Buried in the churchyard of Sithney parish church is John Rogers (1778 -- 1856): clergyman, landowner, mine-owner, botanist, mineralogist, and scholar of Hebrew and Syriac -- a versatile gent; for long, Rector of Mawnan, not very far away. His schooling was at Eton.
More 17th-Century stuff, I'm afraid: on 27 / 4 / 1646, King Charles I -- fleeing Oxford on his way to surrender to "the opposition" at Southwell, Nottinghamshire -- stopped at Harrow-on-the-Hill to take a final glimpse of London (took that route for that especial purpose, maybe? -- not a geographically obvious Oxford -- Southwell one).
A diligently complied history of York, titled Eboracum, by the antiquary and surgeon Francis Drake: was published in 1736. This gentleman's considerably better-known naval namesake of a couple of hundred years previously, lived for the latter part of his life at Buckland Abbey, Buckland Monachorum (South Devon).
Nottingham Castle, home of the Duke of Newcastle, was burned down during so-called Reform riots in 1831. A similar level of excitement prevailed that summer in Bristol, where the authorities lost control of the city for three days.
"W.G.S." was for long quite well known -- helped by some publicity from the producers -- as the place of making of the breakfast cereal Shredded Wheat, which people tend either to love or hate. In more recent times, involving a change of makers, production of said comestible has switched to Staverton (near Trowbridge, Wiltshire).
Near Yarnbrook is Picket Wood, a surviving remnant of what was long ago the extensive forest of Selwood; wherein in 878 AD, Alfred the Great gathered his forces to withstand the advancing Danes. An earlier battle in which those adversaries confronted each other (Alfred lost) was at Wilton, also in Wiltshire.
Polhampton also was part of the Peculiar of Overton with Tadley and Polhampton. Masham in North Yorkshire was also a Peculiar - probably the best known of these ecclesiastical oddities, since the local brewery Theakstons named its strong ale 'Old Peculier' [sic].
A peculiar in this context was a district outside the jurisdiction of the bishop of the diocese in which it was situated.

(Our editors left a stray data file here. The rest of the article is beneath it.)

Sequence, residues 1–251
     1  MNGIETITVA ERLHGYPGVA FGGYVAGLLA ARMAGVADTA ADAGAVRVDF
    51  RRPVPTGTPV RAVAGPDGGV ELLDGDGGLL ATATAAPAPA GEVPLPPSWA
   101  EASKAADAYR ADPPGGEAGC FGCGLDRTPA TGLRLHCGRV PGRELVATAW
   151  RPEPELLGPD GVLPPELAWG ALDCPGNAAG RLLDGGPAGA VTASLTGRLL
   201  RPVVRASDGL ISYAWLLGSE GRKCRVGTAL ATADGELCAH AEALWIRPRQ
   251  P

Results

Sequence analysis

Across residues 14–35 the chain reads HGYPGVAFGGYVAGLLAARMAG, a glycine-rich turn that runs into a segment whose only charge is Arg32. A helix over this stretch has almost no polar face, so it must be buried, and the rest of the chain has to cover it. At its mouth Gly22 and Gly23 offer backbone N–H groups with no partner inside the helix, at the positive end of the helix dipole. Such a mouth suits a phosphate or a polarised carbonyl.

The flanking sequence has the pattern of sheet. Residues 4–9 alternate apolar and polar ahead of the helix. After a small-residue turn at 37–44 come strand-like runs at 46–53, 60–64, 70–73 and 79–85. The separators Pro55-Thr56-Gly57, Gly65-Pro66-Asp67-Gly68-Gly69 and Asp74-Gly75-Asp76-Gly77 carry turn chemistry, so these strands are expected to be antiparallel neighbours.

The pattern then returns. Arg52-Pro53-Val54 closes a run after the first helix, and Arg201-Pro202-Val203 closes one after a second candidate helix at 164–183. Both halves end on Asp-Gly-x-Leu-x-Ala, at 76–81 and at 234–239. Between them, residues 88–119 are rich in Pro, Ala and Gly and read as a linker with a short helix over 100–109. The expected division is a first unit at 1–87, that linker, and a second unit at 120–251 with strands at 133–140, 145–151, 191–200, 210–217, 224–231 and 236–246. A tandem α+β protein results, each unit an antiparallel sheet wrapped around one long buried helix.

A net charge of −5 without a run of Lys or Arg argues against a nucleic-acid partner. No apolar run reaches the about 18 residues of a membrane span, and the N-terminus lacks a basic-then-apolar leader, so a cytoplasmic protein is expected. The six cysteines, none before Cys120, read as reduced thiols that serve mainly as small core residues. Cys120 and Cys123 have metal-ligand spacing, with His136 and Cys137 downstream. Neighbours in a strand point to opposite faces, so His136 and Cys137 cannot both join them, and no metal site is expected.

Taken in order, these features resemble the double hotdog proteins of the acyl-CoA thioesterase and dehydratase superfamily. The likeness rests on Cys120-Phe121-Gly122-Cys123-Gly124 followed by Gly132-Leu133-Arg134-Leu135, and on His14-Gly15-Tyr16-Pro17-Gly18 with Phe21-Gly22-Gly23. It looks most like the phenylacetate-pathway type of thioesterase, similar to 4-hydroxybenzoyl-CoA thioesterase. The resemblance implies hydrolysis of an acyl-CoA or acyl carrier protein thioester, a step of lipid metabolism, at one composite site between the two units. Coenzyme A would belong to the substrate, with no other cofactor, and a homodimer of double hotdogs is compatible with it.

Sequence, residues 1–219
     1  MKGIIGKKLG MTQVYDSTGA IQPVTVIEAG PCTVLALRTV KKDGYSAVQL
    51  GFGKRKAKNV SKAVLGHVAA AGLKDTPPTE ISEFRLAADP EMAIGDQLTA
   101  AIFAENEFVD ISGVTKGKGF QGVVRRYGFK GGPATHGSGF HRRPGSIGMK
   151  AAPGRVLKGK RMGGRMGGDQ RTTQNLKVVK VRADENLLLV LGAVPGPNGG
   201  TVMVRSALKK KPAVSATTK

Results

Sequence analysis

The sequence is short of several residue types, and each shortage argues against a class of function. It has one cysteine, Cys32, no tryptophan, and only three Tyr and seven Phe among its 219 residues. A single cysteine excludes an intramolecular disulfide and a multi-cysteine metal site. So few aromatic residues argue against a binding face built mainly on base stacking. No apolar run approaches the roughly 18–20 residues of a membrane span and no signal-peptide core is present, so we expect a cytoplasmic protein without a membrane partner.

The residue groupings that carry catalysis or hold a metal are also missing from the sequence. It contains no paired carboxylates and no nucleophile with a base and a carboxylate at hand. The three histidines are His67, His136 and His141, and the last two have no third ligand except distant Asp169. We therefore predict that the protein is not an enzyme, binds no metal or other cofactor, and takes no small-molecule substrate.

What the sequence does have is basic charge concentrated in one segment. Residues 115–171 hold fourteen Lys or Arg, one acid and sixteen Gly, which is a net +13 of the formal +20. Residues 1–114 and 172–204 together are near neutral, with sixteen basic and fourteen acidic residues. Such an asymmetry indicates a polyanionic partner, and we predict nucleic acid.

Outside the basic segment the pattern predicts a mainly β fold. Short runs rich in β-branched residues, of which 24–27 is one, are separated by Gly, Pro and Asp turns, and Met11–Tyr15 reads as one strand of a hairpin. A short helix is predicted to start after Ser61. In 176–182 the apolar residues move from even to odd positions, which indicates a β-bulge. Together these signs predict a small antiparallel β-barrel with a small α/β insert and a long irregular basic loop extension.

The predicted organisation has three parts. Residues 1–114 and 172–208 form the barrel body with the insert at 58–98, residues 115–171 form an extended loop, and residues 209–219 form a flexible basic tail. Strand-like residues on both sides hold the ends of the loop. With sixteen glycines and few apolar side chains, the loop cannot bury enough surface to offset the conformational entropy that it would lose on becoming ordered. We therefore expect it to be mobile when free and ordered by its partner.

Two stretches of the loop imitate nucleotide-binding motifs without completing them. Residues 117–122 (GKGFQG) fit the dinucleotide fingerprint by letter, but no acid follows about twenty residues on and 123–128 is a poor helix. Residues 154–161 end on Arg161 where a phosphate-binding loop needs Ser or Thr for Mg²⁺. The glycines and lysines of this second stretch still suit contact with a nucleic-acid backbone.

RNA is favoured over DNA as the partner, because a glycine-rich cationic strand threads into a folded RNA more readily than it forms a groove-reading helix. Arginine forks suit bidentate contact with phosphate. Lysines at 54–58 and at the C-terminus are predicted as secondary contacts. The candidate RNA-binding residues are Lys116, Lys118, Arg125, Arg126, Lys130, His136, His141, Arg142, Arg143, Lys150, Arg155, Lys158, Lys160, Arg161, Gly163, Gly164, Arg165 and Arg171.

Iwerne Minster and its neighbouring village Shroton, alias Iwerne Courtney: feature in a nearly-a-millennium-ago contex, in Julian Rathbone's quasi-historical novel The Last English King -- a grand yarn, in my opinion.
Motcombe House has been home to Port Regis School, a somewhat peripatetic preparatory (try saying that after a few pints) school which has moved five times since its foundation in London in 1881. Between 1921 and 1943 it was roosting in Broadstairs, Kent.
Skellingthorpe was the victim of rather ineffectual bombing during the last Zeppelin raid on the UK in WWI, on 12-13 April 1918. Another place hit that night was Shirley in Warwickshire (now West Midlands)
Wiki is interesting on the subject of Shirley's raffish past, a couple of centuries ago: various conditions there and then, re the area, "attracted sporting activity in the form of bull baiting, cockfighting... and pugilism. These activities encouraged the church authorities to start building St. James Church in 1831..." Half a century or so later, a similar story unfolded in Gorton, Manchester; with an initiative on the part of St. Mark's Church there to provide more wholesome pursuits for the often unruly local male youth, involving founding a football club which ultimately became Manchester City F.C.